John D. Biggers

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John Dennis Biggers

PhD, DSc
Born1923 (1923)
DiedApril 7, 2018(2018-04-07) (aged 94–95)
Scientific career
FieldsReproductive physiology

John Dennis Biggers (/ˈbɪɡərs/; 1923 – April 7, 2018) was a leading British and American reproductive biologist and reproductive physiologist who helped pioneer in vitro fertilisation. He played a founding role in the scientific study of reproductive physiology, won many scientific awards for developing technology which would become central to human IVF, and engaged in public outreach regarding the ethics of artificial fertilisation.

Early life and education[edit]

Biggers was born in 1923 in Reading, Berkshire, to Wilfred Norman Biggers, a chemistry and physics teacher, and Winnifred Gardner, a British Airways employee.[1] Biggers studied veterinary science at the Royal Veterinary College. He subsequently shifted his focus to mammalian physiology, in which he earned a Ph.D. from the University of London.[2]

Development of IVF[edit]

After completing his graduate education, Biggers first worked at the University of Sydney, then in 1955 moved to St John's College, Cambridge under a commonwealth fellowship, and from there became a senior lecturer at the Royal Veterinary College.[2] While lecturing at University College London in 1958, he coauthored a landmark Nature paper with Dame Anne McLaren, which for the first time reported the successful development and birth of mice cultivated in vitro. Professor Henry Leese of Hull York Medical School, writing for the Society for Reproduction and Fertility, labelled this "one of the most significant papers in the history of reproductive biology and medicine", and this development is widely considered a crucial milestone towards in vitro fertilisation in humans.[1][3][4][5]

Biggers moved to the United States in 1959, working first at the University of Pennsylvania, moving to Johns Hopkins University in 1967, and finally becoming a professor at the Harvard Medical School in 1972. During this time, he worked on problems in embryo culture, embryo transfer, cryobiology, sperm preservation, and the statistics of experimental design.[5] Biggers was a founding member and president of the Society for the Study of Reproduction, won several awards for his research from organizations like the Bedford Stem Cell Research Foundation, and authored more than 250 scientific papers.[1] In addition to experimentation and mentoring, Biggers engaged publicly in ethical and policy advocacy regarding IVF technology. Howard W. Jones credited Biggers with providing critical support for the initiation of clinical IVF in the United States, which led to the first American baby being born by means of IVF.[4] Biggers was regularly interviewed in the popular press on issues of reproductive ethics.[4]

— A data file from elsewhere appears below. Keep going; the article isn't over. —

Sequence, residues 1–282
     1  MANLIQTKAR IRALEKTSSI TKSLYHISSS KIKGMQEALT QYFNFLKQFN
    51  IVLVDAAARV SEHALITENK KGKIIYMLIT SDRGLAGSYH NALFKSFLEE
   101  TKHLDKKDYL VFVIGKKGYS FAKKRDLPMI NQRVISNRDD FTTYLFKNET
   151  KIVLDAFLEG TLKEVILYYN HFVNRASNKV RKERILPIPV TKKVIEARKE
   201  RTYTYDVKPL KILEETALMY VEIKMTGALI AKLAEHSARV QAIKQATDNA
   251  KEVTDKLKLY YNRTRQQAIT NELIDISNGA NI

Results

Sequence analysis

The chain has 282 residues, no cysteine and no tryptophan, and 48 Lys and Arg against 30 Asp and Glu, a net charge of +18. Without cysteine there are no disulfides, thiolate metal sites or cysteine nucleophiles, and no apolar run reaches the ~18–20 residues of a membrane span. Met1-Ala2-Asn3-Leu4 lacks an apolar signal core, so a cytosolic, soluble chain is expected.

References[edit]

  1. ^ a b c Marquard, Bryan (5 May 2018). "John Biggers, 94, pioneer researcher for in vitro fertilization". Boston Globe. Boston, MA. Retrieved 6 August 2018.
  2. ^ a b "John D. Biggers Obituary". Current Obituary. 7 April 2018. Retrieved 6 August 2018.
  3. ^ Leese, Henry (7 April 2018). "In Memoriam Professor John Biggers". Society for Reproduction and Fertility. Retrieved 6 August 2018.
  4. ^ a b c Albertini, David; McGinnis, Lynda (2013). "A catalyst for change in reproductive science: John D. Biggers as a mentor's mentor". Journal of Assisted Reproduction and Genetics. 30 (8): 979–994. doi:10.1007/s10815-013-0096-9. PMC 3790115. PMID 24077825.
  5. ^ a b Summers, Michael (5 November 2015). "Reflections of one man's life in Nature: Professor John D Biggers, DSc, PhD". Human Fertility. 17 (S1): 2–6. doi:10.3109/14647273.2014.919181. PMID 24939344. S2CID 7081190. Retrieved 6 August 2018.